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The Report Card Book Review Summary

Detailed plot synopsis reviews of The Report Card

Fifth grader Nora remembers everything in her life. From an early age, everything was always very easy for her: puzzles, school work... However, Nora does not like to perform or be pushed around. She in no way wants to attract attention to herself. That's why once she got into grade school, she started to think more "normally". The story begins when Nora has just received her first report card of fifth grade. The results: five D's and one C. Her friend Stephen is very simpathetic and confused, especially when Nora tells him she WANTS to get bad grades.

As she suspected, Nora's parents are furious with her grades. However, Nora has different opinions on grades and tests than her family. She thinks they are "based on a bunch of stupid information that anybody with half a brain can memorize". Nora then has to meet with her teachers, parents and school principal to "discuss why she got the grades she did". The reader will then find out Nora had purposely planned to get bad grades. Then, Nora received F's on all of her final tests. It becomes very clear that Nora is not just an average student; she is a genius. And she knows it. The school then decides to perform some "tests" on Nora, but they are not what she expects.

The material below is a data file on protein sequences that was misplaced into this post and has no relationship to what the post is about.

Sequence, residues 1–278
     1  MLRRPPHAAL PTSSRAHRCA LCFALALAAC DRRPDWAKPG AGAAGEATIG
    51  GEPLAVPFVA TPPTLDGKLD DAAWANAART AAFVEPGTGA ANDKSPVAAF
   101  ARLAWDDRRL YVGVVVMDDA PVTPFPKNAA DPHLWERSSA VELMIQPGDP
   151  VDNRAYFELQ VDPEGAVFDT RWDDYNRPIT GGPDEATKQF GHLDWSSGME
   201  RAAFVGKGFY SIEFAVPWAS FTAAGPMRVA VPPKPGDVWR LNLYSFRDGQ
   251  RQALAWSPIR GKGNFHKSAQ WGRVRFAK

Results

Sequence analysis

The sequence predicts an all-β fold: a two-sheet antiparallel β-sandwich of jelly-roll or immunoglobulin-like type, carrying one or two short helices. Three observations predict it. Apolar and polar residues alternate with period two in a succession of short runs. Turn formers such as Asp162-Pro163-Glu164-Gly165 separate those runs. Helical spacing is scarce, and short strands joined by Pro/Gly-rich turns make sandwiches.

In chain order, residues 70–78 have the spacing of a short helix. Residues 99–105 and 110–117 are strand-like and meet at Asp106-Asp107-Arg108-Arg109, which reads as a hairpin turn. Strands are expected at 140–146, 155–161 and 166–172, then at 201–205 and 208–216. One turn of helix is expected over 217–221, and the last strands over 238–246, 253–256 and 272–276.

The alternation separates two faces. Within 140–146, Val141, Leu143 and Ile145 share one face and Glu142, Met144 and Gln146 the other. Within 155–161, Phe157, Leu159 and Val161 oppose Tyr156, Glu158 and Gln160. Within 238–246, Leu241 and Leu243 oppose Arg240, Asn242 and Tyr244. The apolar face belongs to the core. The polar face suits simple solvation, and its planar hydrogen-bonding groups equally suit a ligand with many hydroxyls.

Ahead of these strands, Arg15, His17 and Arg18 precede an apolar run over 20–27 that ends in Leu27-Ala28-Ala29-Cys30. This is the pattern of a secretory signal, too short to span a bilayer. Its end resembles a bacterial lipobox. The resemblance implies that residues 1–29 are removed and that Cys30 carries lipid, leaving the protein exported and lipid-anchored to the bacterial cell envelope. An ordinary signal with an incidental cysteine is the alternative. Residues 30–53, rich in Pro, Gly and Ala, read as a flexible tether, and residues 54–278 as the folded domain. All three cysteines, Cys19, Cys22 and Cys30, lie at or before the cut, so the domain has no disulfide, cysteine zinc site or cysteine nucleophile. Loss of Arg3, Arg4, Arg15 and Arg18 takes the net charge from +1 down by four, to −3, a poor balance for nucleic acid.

The review of this Book prepared by Kristina Murray








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Chapter Analysis of The Report Card

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Plot & Themes

Tone of book?    -   thoughtful Time/era of story    -   2000+ (Present Day) Kids growing up/acting up?    -   Yes Is this an adult or child's book?    -   Age 11-14 Age group of kid(s) in story:    -   grade school Something wrong upstairs/downstairs?    -   coping with special abilities

Main Character

Gender    -   Female Profession/status:    -   student Age:    -   a kid Ethnicity/Nationality    -   White (American) Unusual characteristics:    -   Genius

Setting

How much descriptions of surroundings?    -   3 () United States    -   Yes

Writing Style

Amount of dialog    -   roughly even amounts of descript and dialog

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Andrew Clements Books Note: the views expressed here are only those of the reviewer(s).
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